The number of food safety incidents involving an international network has stayed almost the same in the second quarter of 2022.

The International Food Safety Authorities Network (INFOSAN) was part of 46 alerts from April through June this year compared to 47 in the first quarter of 2022.

A total of 22 incidents involved a biological hazard with Listeria monocytogenes behind eight and Salmonella causing seven. Norovirus was responsible for three and hepatitis A for one. The hazard has not yet been identified in two cases.

Seventeen alerts were because of an undeclared allergen or ingredient such as milk, shellfish, peanuts, almonds, egg, gluten, hazelnuts, mustard, sesame or soy.

Five were because of a chemical hazard such as aflatoxin, chlorpyriphos, histamine and alkaloids and two involved a physical hazard; one for metal and one for plastic.

Involvement in Jif peanut butter outbreak
INFOSAN is managed by the World Health Organization (WHO) and Food and Agriculture Organization (FAO) of the United Nations.

Food categories most commonly involved were snacks, desserts, and other foods, fish and other seafood, composite food and herbs spices and condiments.

Other alerts mentioned nuts and oilseeds, fruit products, vegetable products, meat products, cereals and cereal based products, egg, food additives, milk and dairy products and non-alcoholic beverages.

More than half of the 46 incidents were reported to the secretariat by INFOSAN members, a third through the European Commission’s Rapid Alert System for Food and Feed (RASFF), and the rest by other WHO internal channels.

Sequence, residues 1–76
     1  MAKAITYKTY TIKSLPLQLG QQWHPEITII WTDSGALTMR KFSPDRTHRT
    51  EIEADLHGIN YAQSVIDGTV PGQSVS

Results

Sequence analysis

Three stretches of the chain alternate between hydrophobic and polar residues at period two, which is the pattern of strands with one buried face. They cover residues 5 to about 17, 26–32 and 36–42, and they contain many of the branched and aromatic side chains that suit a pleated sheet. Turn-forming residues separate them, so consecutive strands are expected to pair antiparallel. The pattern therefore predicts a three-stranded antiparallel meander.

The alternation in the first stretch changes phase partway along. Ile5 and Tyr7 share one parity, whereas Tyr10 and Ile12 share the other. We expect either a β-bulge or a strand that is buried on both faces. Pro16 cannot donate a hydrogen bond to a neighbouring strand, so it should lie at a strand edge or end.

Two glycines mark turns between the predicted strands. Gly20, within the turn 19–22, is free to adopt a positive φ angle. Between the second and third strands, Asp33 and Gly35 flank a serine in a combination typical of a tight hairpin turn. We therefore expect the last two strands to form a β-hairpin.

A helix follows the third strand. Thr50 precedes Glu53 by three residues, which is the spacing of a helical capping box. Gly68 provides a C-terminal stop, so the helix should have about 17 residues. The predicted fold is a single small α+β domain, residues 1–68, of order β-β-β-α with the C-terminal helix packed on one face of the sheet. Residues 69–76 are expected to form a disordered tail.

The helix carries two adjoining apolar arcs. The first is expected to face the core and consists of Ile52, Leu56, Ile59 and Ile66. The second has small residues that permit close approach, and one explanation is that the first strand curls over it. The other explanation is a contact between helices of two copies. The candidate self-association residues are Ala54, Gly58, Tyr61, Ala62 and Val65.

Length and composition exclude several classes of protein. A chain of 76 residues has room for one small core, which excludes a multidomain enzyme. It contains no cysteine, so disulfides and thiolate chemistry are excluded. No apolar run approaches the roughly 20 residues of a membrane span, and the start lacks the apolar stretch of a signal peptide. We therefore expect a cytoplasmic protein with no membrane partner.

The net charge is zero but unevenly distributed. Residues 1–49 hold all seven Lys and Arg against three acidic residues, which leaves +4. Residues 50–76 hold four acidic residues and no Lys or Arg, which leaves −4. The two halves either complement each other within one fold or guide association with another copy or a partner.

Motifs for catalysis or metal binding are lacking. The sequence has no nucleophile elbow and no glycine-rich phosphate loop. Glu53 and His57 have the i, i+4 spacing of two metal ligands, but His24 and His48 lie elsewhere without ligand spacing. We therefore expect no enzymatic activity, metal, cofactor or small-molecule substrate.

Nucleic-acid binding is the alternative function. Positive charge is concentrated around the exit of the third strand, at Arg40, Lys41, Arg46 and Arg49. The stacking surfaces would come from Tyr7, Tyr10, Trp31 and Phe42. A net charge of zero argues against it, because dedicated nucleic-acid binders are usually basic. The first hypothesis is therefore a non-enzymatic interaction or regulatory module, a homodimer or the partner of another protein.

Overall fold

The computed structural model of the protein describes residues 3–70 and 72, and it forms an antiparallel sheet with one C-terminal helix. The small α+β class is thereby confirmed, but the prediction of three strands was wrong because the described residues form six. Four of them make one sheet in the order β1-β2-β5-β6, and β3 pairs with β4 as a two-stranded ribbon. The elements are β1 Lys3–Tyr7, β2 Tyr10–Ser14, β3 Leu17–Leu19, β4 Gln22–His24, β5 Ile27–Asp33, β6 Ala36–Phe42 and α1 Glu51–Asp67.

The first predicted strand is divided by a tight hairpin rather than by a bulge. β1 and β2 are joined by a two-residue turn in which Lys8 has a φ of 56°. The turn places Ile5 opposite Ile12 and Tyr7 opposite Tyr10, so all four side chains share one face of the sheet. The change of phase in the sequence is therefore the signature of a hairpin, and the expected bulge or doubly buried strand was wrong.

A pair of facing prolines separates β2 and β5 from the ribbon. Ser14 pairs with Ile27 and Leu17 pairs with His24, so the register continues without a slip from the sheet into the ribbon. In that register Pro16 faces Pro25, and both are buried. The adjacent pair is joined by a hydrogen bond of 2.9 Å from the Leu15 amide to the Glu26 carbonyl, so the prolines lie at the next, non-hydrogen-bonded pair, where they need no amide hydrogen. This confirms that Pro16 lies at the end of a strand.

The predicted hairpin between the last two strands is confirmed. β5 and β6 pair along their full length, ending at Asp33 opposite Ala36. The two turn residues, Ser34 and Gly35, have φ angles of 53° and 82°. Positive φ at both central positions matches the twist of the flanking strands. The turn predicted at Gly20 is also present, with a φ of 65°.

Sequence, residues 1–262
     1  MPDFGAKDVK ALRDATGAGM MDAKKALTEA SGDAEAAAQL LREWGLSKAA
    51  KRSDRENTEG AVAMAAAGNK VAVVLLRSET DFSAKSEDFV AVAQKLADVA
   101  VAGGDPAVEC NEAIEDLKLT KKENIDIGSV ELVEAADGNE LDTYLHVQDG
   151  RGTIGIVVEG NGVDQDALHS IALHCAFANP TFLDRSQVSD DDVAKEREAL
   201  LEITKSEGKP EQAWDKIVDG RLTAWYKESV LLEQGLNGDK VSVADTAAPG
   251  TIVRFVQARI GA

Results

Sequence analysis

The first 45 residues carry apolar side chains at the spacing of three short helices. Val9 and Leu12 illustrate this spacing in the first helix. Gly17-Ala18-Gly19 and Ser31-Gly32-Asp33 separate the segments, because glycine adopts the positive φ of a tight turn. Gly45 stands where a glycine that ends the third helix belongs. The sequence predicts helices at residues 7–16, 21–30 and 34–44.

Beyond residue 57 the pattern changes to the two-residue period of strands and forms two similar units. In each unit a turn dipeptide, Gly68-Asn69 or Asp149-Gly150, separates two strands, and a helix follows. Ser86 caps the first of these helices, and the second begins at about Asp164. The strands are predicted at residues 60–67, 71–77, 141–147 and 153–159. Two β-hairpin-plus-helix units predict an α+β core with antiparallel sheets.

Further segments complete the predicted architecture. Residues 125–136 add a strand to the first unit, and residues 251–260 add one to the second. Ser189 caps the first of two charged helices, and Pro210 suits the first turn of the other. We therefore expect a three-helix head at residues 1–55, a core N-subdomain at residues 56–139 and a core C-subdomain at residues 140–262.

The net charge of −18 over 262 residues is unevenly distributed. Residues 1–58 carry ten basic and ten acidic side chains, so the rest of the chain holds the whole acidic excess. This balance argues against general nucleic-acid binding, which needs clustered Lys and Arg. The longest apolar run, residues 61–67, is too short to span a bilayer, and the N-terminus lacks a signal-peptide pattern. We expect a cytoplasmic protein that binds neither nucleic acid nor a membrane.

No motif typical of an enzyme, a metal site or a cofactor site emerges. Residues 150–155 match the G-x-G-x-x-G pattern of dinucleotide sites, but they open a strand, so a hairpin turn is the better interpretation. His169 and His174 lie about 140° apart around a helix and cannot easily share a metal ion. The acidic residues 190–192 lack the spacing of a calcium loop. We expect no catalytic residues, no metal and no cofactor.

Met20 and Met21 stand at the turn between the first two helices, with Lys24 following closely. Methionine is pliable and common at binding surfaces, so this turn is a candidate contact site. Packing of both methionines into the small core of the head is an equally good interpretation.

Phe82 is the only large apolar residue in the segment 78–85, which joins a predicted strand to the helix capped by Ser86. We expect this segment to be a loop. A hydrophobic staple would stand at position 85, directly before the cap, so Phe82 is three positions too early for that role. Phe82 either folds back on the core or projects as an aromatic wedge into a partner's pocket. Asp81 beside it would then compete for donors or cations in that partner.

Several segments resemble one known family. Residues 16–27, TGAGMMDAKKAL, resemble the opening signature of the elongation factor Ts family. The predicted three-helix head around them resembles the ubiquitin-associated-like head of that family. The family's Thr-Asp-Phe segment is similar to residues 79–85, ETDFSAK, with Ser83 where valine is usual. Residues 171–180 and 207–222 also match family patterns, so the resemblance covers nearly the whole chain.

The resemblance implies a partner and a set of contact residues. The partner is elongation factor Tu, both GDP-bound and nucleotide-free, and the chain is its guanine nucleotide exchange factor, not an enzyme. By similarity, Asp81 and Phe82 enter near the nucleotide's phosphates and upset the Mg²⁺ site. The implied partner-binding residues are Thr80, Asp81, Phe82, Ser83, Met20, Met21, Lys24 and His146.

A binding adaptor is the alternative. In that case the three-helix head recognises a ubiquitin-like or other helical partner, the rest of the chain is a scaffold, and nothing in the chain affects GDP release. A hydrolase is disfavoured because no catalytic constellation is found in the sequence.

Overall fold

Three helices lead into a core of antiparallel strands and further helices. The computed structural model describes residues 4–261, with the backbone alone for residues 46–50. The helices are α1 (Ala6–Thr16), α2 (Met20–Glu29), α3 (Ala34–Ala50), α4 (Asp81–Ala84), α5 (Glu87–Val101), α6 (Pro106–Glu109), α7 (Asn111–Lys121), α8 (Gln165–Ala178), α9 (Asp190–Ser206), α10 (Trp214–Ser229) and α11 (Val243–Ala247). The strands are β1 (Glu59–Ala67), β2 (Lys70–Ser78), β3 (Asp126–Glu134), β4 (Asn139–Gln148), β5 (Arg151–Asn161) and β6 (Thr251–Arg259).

Through the Emergency Contact Point (ECP) in the United States, the INFOSAN Secretariat was told of an outbreak of Salmonella Senftenberg with 16 cases linked to Jif peanut butter products and a related recall by the company.  

Implicated products linked to the outbreak were distributed internationally but no illnesses in other countries have been reported.

Building awareness
INFOSAN was involved in events in Nicaragua and Sudan to mark World Food Safety Day on June 7.

In the former, the role of INFOSAN in prevention and response to food safety emergencies was presented at a national forum on food hygiene.

In Sudan, INFOSAN was part of a three-day virtual training on foodborne outbreak investigation, with help from the WHO Eastern Mediterranean Regional Office/Regional Center for Environmental Health Action and the U.S. Centers for Disease Control and Prevention. Training of Sudanese authorities aimed to build capacity to investigate and respond to food safety issues. 

INFOSAN was also present at workshops and webinars in Serbia, Mexico and Guatemala.

Staff from the network participated in a two-day workshop run by the WHO Western Balkan hub in Belgrade. It aimed to strengthen capacity to rapidly exchange information during food safety emergencies. A simulated exercise covered risk communication and the processes and procedures of INFOSAN. Attendees spoke about the main barriers to exchange information during emergencies and prepared recommendations for improvement.

A webinar to introduce INFOSAN was organized for staff from the Federal Commission for the Protection against Sanitary Risks (COFEPRIS) in Mexico. Recent examples of food safety emergencies communicated and managed through the network were presented.

In April, Guatemalan authorities took part in a national workshop to improve participation in INFOSAN and to clarify roles and responsibilities of members. In May, INFOSAN helped organize a meeting to improve Cambodian engagement with the network.

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